How to format your references using the Engineering & Technology citation style

This is a short guide how to format citations and the bibliography in a manuscript for Engineering & Technology. For a complete guide how to prepare your manuscript refer to the journal's instructions to authors.

Using reference management software

Typically you don't format your citations and bibliography by hand. The easiest way is to use a reference manager:

PaperpileThe citation style is built in and you can choose it in Settings > Citation Style or Paperpile > Citation Style in Google Docs.
EndNoteFind the style here: output styles overview
Mendeley, Zotero, Papers, and othersThe style is either built in or you can download a CSL file that is supported by most references management programs.
BibTeXBibTeX syles are usually part of a LaTeX template. Check the instructions to authors if the publisher offers a LaTeX template for this journal.

Journal articles

Those examples are references to articles in scholarly journals and how they are supposed to appear in your bibliography.

Not all journals organize their published articles in volumes and issues, so these fields are optional. Some electronic journals do not provide a page range, but instead list an article identifier. In a case like this it's safe to use the article identifier instead of the page range.

A journal article with 1 author
[1]
J. U. Bowie, “Structural biology. Membrane protein twists and turns,” Science, vol. 339, no. 6118, pp. 398–399, Jan. 2013.
A journal article with 2 authors
[1]
F. Garczarek and K. Gerwert, “Functional waters in intraprotein proton transfer monitored by FTIR difference spectroscopy,” Nature, vol. 439, no. 7072, pp. 109–112, Jan. 2006.
A journal article with 3 authors
[1]
E. Kotera, M. Tasaka, and T. Shikanai, “A pentatricopeptide repeat protein is essential for RNA editing in chloroplasts,” Nature, vol. 433, no. 7023, pp. 326–330, Jan. 2005.
A journal article with 4 or more authors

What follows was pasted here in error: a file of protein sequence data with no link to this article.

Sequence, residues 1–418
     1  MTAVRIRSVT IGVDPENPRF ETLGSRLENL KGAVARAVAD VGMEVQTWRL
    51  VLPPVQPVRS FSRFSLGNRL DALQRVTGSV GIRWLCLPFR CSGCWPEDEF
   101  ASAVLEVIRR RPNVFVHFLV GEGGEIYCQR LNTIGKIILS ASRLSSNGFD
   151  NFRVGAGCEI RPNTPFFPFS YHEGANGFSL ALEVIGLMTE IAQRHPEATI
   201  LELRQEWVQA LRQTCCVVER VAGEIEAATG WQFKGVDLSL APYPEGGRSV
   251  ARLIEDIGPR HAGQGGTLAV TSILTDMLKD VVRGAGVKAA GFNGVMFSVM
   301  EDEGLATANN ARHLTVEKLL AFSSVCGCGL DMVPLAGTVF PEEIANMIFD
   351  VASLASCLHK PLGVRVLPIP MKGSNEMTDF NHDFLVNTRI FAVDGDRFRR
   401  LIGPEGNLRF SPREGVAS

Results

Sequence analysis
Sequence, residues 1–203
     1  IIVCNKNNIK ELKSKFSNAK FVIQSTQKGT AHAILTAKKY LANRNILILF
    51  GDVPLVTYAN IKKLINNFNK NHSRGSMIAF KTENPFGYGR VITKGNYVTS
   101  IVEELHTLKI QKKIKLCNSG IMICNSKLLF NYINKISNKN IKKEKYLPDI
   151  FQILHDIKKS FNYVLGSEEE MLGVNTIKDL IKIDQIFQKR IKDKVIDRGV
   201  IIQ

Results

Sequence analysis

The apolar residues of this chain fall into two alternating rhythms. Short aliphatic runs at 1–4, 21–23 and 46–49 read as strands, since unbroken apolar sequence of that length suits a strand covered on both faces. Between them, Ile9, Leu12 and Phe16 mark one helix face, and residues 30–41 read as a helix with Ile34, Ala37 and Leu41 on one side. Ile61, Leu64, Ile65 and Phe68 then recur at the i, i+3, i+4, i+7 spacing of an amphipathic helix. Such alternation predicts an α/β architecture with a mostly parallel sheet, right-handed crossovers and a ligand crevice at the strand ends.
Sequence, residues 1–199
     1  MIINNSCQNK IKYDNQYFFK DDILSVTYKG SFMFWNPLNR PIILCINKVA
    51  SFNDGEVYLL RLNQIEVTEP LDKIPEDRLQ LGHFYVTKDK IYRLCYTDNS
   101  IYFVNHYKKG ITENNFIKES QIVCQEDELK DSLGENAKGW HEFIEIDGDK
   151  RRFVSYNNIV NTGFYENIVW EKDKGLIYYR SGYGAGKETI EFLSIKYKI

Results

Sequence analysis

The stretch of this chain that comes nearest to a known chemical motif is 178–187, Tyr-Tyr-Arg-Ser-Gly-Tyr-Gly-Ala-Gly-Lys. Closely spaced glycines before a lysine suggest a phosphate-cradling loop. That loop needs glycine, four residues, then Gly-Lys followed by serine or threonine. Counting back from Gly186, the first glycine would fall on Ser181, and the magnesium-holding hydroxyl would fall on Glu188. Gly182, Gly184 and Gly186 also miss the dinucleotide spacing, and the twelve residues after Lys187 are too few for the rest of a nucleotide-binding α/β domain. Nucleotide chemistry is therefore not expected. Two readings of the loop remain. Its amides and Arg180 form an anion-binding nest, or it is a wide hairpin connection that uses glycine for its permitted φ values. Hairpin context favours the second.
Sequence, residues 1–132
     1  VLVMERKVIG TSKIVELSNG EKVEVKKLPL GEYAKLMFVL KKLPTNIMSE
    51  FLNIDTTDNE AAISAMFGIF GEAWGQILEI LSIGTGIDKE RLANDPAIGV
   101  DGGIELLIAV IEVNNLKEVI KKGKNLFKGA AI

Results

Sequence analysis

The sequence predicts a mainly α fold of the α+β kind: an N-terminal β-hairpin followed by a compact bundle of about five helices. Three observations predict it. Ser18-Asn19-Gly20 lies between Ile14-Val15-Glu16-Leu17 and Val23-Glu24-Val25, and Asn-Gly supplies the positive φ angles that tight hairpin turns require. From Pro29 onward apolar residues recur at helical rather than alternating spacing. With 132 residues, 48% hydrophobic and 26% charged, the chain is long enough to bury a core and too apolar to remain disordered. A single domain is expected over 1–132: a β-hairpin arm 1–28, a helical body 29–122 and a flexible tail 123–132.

[1]
M. H. Wolpoff, J. Hawks, D. W. Frayer, and K. Hunley, “Modern human ancestry at the peripheries: a test of the replacement theory,” Science, vol. 291, no. 5502, pp. 293–297, Jan. 2001.

Books and book chapters

Here are examples of references for authored and edited books as well as book chapters.

An authored book
[1]
R. Kindmann and M. Kraus, Steel Structures. Berlin, Germany: Ernst & Sohn Verlag für Architektur und technische Wissenschaften GmbH & Co. KG, 2012.
An edited book
[1]
P. Schmüser, Free-Electron Lasers in the Ultraviolet and X-Ray Regime: Physical Principles, Experimental Results, Technical Realization, 2nd ed. 2014., vol. 258. Cham: Springer International Publishing, 2014.
A chapter in an edited book
[1]
S. Setaro, J. P. Suárez, P. Herrera, D. Cruz, and I. Kottke, “Distinct but Closely Related Sebacinales form Mycorrhizae with Coexisting Ericaceae and Orchidaceae in a Neotropical Mountain Area,” in Piriformospora indica: Sebacinales and Their Biotechnological Applications, A. Varma, G. Kost, and R. Oelmüller, Eds. Berlin, Heidelberg: Springer, 2013, pp. 81–105.

Web sites

Sometimes references to web sites should appear directly in the text rather than in the bibliography. Refer to the Instructions to authors for Engineering & Technology.

Blog post
[1]
E. Andrew, “10 Greatest Unsolved Mysteries In Physics,” IFLScience, Oct. 10, 2015. https://www.iflscience.com/physics/greatest-mysteries-physics/ (accessed Oct. 30, 2018).

Reports

This example shows the general structure used for government reports, technical reports, and scientific reports. If you can't locate the report number then it might be better to cite the report as a book. For reports it is usually not individual people that are credited as authors, but a governmental department or agency like "U. S. Food and Drug Administration" or "National Cancer Institute".

Government report
[1]
Government Accountability Office, “Mobile Devices: Federal Agencies’ Steps to Improve Mobile Access to Government Information and Services,” U.S. Government Printing Office, Washington, DC, GAO-15-69, Dec. 2014.

Theses and dissertations

Theses including Ph.D. dissertations, Master's theses or Bachelor theses follow the basic format outlined below.

Doctoral dissertation
[1]
A. M. Evans, “Long-Term Sustainability of Surgical Operational Improvements Post Consultancy: A Multiple Case Study Analysis,” Doctoral dissertation, Northcentral University, Scottsdale, AZ, 2017.

News paper articles

Unlike scholarly journals, news papers do not usually have a volume and issue number. Instead, the full date and page number is required for a correct reference.

New York Times article
[1]
G. Vecsey, “Petke Departs, Certain He Gave All That He Could,” New York Times, p. SP9, Oct. 31, 2010.

In-text citations

References should be cited in the text by sequential numbers in square brackets:

This sentence cites one reference [1].
This sentence cites two references [1], [2].
This sentence cites four references [1]–[4].

About the journal

Full journal titleEngineering & Technology
AbbreviationEng. & Technol.
ISSN (print)1750-9637
ScopeElectrical and Electronic Engineering

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